Have you ever gone to an art show, seen some decent work that you kind of dig, and shit your drawers when you realized it costs the equivalent of a year’s rent and a rhinestone ankle bracelet?
Well I – a real rhinestone anklet enthusiast – have. I realize that the artist puts a lot of time and a piece of their special artistic soul into their work. I also realize that there is a phenomenon that may have a name I’ve forgotten that when a piece of art – be it a 20-foot oil painting or poo on china – enters a gallery, it becomes worth more scratch. Some artists have also told me that the prices must be high so people understand that this is “fine” art, a special cultural artifact that says something about the status and “fine” tastes of the consumer and producer (who usually can’t afford to buy a piece with the tag).
This art becomes distinguished and separate from the cool landscapes old ladies do for display and sale at the local waffle house. I’ve purchased some great log cabin at sunset and kitten paintings for my apartment. They really tie the room together and set the mood for love. All for under a hundred bucks.So I, and likely my editor before me, was captivated by a press release describing a coffee house show by Portland transplant Rose McCormick. It said “Welcome to the world of affordable, quality art.”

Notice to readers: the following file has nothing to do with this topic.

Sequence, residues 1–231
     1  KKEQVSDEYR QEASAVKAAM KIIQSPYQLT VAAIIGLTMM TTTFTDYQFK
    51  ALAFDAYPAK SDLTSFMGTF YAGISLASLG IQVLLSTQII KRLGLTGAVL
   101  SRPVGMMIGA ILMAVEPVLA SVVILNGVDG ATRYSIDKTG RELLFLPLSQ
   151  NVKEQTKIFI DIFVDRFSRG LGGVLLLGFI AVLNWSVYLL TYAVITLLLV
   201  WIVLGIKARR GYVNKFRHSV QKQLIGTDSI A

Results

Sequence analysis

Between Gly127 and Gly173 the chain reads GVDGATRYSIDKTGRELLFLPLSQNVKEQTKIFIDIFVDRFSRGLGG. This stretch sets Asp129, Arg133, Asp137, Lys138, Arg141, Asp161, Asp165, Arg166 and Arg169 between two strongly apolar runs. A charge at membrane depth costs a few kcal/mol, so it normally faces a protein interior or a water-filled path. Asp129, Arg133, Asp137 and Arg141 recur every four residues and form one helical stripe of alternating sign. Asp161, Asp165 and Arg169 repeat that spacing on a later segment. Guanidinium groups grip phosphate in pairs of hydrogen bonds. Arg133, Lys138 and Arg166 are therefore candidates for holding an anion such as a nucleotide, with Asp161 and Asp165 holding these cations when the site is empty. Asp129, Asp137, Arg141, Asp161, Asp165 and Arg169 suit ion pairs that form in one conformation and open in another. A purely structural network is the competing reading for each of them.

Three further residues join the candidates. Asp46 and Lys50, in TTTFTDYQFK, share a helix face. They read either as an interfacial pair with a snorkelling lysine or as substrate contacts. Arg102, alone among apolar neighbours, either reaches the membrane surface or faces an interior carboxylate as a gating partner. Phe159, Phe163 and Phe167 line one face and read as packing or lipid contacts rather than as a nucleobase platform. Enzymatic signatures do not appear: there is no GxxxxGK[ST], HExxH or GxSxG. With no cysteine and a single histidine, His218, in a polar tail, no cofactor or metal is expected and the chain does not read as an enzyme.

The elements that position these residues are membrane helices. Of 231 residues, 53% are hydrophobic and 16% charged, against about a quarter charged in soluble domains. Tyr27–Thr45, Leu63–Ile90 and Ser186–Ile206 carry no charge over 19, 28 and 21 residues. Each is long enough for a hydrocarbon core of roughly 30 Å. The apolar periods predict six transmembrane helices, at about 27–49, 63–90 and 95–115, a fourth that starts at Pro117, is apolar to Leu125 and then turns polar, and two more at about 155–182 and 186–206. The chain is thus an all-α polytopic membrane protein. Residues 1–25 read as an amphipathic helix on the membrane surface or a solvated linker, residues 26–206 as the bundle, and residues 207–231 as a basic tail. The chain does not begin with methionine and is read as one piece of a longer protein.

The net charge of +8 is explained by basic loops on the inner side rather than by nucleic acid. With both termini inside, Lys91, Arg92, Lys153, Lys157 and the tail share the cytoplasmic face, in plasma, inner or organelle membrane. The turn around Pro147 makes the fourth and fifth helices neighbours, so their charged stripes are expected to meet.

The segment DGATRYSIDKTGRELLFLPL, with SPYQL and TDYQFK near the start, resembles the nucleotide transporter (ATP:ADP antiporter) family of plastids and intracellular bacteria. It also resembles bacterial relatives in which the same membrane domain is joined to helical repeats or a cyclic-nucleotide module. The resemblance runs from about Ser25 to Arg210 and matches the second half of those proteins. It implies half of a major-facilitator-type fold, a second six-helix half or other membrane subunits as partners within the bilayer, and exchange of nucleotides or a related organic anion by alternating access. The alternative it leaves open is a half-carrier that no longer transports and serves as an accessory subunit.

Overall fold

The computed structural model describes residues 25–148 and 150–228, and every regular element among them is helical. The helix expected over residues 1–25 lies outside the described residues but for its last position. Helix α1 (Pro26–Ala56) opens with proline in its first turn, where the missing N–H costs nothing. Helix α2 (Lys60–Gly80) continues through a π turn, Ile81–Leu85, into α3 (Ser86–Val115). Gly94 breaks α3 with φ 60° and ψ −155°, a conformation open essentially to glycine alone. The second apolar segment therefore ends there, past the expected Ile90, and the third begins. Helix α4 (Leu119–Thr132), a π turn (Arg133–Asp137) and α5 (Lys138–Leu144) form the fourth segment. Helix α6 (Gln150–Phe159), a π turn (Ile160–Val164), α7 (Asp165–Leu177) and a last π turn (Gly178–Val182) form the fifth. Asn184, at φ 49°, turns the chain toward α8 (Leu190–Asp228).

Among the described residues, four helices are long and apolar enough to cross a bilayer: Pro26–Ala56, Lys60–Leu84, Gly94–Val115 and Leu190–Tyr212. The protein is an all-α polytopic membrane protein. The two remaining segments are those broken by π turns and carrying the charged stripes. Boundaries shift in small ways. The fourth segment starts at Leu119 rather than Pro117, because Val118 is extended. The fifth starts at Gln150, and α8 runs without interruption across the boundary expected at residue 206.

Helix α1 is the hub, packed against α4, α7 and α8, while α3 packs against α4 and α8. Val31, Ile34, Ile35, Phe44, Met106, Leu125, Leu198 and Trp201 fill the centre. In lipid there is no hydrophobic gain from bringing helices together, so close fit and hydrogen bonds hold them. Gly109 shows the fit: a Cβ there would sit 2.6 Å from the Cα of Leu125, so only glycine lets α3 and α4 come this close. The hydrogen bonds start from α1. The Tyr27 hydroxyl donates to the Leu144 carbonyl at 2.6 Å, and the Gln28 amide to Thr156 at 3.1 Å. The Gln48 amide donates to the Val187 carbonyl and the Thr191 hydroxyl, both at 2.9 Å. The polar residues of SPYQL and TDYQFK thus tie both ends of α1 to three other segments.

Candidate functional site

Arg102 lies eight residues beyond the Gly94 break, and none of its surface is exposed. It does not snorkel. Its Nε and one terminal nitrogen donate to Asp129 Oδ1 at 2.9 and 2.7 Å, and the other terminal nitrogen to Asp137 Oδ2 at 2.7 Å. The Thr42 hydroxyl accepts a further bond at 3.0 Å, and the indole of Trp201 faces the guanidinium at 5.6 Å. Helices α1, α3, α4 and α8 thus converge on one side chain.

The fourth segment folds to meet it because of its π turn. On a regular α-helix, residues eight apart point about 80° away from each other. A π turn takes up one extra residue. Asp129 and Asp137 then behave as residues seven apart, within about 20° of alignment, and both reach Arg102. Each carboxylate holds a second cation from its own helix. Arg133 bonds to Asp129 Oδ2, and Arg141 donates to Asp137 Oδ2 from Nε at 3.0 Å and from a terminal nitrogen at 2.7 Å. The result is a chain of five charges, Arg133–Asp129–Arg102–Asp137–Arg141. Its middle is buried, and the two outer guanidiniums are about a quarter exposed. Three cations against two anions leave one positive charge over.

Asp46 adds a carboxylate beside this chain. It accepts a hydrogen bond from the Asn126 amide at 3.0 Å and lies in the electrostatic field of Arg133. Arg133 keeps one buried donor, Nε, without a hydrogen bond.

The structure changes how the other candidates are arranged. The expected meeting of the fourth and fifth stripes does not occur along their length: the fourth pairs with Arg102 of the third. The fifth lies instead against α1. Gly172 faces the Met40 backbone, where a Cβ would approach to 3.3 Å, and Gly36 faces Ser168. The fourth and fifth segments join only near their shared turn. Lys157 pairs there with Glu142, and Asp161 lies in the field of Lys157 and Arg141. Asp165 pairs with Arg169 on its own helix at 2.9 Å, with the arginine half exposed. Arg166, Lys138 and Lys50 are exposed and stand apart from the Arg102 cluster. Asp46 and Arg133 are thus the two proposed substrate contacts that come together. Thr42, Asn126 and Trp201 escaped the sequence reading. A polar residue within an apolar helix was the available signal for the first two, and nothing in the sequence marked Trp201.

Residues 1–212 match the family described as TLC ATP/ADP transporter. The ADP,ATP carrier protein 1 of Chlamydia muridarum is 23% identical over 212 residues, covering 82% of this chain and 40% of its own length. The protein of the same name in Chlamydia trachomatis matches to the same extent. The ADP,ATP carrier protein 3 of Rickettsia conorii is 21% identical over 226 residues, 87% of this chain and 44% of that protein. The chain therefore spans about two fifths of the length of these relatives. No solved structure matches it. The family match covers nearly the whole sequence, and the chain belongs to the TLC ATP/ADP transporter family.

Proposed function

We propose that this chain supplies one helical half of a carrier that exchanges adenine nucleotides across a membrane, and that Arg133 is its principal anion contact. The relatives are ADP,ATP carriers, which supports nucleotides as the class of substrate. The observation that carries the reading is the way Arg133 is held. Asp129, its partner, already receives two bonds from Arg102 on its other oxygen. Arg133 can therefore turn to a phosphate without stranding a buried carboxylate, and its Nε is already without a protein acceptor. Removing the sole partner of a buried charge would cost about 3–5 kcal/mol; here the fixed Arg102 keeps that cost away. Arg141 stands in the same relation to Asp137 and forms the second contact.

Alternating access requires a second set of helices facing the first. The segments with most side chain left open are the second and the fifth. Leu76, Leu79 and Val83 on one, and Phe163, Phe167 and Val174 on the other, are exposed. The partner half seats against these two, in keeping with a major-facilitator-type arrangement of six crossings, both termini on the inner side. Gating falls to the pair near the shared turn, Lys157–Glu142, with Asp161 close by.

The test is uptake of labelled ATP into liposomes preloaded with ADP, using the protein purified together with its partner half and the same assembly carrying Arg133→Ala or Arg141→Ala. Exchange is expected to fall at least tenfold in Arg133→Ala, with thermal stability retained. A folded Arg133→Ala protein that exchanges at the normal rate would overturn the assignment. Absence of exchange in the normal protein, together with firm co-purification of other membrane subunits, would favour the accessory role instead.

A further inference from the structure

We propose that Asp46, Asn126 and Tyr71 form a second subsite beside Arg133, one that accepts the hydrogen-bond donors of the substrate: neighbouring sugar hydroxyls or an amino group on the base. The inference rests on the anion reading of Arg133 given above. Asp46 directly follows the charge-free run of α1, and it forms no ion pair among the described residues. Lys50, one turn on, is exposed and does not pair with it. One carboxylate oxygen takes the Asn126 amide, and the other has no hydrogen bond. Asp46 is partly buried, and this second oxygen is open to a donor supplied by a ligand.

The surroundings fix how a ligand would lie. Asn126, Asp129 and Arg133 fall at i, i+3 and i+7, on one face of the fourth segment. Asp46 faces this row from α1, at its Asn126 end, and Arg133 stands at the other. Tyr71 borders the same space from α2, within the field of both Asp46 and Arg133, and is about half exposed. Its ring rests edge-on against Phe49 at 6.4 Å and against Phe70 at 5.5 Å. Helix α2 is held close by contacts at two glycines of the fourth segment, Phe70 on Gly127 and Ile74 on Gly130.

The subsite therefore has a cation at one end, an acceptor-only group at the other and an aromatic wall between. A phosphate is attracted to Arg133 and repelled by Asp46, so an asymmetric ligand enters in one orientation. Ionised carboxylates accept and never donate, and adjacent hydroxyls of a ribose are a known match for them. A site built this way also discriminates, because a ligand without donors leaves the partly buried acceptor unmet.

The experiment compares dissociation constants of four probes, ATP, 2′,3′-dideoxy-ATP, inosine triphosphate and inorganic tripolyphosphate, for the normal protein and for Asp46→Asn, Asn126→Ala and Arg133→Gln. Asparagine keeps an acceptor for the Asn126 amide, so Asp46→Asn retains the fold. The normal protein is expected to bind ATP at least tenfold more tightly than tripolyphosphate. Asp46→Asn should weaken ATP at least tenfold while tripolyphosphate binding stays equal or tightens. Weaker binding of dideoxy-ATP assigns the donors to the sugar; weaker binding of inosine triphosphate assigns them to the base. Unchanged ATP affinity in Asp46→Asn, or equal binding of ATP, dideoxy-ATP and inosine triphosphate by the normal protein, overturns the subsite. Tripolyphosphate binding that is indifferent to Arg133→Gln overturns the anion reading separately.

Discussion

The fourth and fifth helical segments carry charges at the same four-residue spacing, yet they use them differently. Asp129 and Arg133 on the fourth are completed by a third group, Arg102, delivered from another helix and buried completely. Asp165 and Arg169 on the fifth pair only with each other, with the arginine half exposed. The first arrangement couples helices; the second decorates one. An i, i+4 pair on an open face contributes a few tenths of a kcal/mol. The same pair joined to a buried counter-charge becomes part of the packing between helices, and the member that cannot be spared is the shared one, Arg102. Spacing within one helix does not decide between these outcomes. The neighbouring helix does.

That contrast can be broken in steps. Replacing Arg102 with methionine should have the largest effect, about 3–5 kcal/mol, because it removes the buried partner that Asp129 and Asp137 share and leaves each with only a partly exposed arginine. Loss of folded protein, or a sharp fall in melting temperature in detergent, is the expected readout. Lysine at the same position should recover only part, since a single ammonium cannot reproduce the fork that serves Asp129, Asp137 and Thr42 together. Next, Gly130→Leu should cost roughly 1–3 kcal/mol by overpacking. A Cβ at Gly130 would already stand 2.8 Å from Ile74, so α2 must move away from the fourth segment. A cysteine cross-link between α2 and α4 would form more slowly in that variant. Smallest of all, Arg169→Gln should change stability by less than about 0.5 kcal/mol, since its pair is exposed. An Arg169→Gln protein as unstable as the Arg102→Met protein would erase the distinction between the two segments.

Rather than waffle house kittens and fruit baskets, McCormick paints colorful oil paintings on quality materials. She believes in a traditional, high-quality medium and materials: oil and canvas, hand stretched around a sturdy wooden frame.
McCormick thinks that “everybody should have some original art, there’s too much photocopying going on.” In regard to photocopying and computer-generated, modern mass-produced art, she said “Change is good, but don’t go overboard, use a computer but don’t kill the first thing … there was lots of good shit in the old days.”
Classically minded and trained, McCormick’s work could be categorized as symbolist and she is influenced by Alice Neel and Paul Klee.
She says her paintings “are like a theatrical situation.” She wants their various symbolic elements to “click into the subconscious,” of a viewer, “like a weird world.”
I think it safe to say that her paintings are at least as appealing, if not more so, as a kitten in a cabin at sunset.
I, like everyone else, will have to go deep into Southeast to look at the 11 paintings. They are hanging at a coffee shop called Papacino’s, 4411 S.E. Woodstock. The coffee shop is reportedly a popular place frequented by Reed college students and “artsy older people.”
She will be selling her larger paintings, two and a half feet squares, for around $200, and smaller ones for less. This, I think, is less than most oils on quality materials that take an average work week to complete. To keep it even more real and down to earth, she will be holding a free raffle for a painting of the winner’s choice. She wants to move the art into happy people’s residences so she can make room at hers to create more.